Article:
"This is the issue of this
election: whether we believe in our capacity for self-government or
whether we abandon the American Revolution and confess that a little
intellectual elite in a far-distant capital can plan our lives for us
better than we can plan for ourselves." — Oct. 27, 1964, televised
speech for GOP presidential candidate Barry Goldwater.
"I am paying for this microphone, Mr. Breen." — When
someone tried to turn off his microphone at a Reagan-sponsored debate
during 1980 New Hampshire primaries.
"We have to move ahead, but we are not going to leave anyone
behind." — Republican National Convention, July 1980
Where you go again." — Responding to criticism during debate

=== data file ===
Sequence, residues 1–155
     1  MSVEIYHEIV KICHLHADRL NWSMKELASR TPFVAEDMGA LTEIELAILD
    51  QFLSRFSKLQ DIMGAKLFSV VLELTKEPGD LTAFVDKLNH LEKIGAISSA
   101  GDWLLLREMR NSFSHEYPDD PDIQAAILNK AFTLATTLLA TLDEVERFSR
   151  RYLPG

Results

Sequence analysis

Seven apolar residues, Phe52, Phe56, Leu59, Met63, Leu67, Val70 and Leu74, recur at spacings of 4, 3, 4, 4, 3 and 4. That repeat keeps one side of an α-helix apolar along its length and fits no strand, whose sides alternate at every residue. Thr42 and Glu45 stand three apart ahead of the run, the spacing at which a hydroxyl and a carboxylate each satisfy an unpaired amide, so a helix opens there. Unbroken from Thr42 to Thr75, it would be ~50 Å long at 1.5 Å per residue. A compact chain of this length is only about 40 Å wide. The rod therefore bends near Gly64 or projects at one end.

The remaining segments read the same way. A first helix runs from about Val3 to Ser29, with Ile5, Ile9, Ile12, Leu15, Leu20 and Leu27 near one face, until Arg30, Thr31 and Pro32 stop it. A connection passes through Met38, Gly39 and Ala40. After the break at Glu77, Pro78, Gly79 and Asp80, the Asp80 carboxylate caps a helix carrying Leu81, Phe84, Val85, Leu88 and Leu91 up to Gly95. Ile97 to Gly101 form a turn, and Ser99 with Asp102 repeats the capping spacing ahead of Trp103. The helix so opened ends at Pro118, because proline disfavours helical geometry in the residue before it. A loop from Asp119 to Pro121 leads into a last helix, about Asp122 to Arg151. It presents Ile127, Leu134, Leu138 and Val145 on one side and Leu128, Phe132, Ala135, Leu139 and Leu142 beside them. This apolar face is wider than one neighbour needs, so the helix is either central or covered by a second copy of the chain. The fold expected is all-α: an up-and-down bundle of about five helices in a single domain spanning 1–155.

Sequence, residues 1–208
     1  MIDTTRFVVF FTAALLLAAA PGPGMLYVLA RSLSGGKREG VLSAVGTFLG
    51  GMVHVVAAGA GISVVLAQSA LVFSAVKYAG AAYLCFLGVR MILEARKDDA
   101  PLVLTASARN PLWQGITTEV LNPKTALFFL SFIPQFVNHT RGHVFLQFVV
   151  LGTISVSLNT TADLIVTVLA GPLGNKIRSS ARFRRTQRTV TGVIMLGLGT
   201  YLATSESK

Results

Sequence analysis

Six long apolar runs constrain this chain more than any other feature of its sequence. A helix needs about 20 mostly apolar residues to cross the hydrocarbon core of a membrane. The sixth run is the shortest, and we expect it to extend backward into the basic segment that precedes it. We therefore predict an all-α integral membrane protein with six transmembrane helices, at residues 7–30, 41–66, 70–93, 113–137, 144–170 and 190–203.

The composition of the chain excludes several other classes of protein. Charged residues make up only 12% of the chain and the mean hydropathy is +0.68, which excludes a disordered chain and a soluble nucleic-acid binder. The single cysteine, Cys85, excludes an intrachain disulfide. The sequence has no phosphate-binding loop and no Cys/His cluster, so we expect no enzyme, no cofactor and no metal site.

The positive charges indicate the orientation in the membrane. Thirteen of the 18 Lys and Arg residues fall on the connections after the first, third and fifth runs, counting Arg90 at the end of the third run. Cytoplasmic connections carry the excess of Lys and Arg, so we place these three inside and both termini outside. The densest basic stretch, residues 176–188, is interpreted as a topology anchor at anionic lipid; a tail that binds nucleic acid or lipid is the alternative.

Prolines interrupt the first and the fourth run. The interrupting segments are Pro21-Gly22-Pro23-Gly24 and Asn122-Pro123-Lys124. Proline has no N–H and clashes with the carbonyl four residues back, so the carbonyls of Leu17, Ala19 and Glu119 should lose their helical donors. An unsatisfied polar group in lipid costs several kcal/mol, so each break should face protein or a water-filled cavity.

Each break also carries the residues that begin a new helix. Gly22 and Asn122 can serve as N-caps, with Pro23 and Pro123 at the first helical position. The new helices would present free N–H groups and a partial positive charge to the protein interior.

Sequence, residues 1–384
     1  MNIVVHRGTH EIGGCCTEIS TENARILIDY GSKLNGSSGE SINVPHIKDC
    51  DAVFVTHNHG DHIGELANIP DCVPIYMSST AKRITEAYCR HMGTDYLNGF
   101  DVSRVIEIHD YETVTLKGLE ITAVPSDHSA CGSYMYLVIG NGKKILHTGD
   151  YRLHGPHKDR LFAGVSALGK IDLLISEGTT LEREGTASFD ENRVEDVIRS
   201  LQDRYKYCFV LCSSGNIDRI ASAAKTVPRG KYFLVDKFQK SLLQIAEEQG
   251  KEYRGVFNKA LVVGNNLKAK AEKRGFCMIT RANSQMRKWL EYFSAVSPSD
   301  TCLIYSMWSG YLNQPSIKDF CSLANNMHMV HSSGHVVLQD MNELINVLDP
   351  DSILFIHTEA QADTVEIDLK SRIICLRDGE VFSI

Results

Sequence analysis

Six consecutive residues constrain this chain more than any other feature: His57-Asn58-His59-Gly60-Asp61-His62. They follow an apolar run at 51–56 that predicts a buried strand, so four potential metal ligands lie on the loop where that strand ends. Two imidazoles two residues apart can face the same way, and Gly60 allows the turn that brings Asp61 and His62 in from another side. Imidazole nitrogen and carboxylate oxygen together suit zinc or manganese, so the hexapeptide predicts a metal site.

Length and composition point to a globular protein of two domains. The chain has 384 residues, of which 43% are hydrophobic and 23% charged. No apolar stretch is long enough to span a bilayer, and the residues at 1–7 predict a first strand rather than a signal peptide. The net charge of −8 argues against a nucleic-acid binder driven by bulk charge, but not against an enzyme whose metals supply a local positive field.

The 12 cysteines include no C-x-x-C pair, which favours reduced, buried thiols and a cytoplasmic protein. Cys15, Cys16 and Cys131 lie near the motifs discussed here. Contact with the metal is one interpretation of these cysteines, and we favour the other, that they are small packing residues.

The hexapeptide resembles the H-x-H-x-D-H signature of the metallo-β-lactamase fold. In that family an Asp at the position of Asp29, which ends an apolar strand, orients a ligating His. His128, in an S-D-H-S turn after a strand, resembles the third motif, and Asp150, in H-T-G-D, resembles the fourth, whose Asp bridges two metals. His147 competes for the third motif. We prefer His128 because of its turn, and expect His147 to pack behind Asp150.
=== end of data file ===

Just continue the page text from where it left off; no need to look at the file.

with President Carter, October 1980.
"Government is not the solution, it's the problem." —
Inaugural address, Jan. 20, 1981.
"All of us need to be reminded that the federal government did
not create the states, the states created the federal government. ...
Steps will be taken aimed a restoring the balance between the various
levels of government." — Inaugural address, Jan. 20, 1981.
"Honey, I forgot to duck." — To Nancy Reagan in the
emergency room after he was shot by a would-be assassin, March 30, 1981.
"It's just plain common sense that there be a waiting period to
allow local law enforcement officials to conduct background checks on
those who wish to buy a handgun." — Endorsing the Brady handgun
control bill, at a March 1991 event commemorating 10th anniversary of
"Some argue that we should encourage democratic change in
right-wing dictatorships, but not in Communist regimes. Well, to accept
this preposterous notion — as some well-meaning people have — is to
invite the argument that once countries achieve a nuclear capability, they
should be allowed an undisturbed reign of terror over their own citizens.
We reject this course." — June 1982 speech to British Parliament.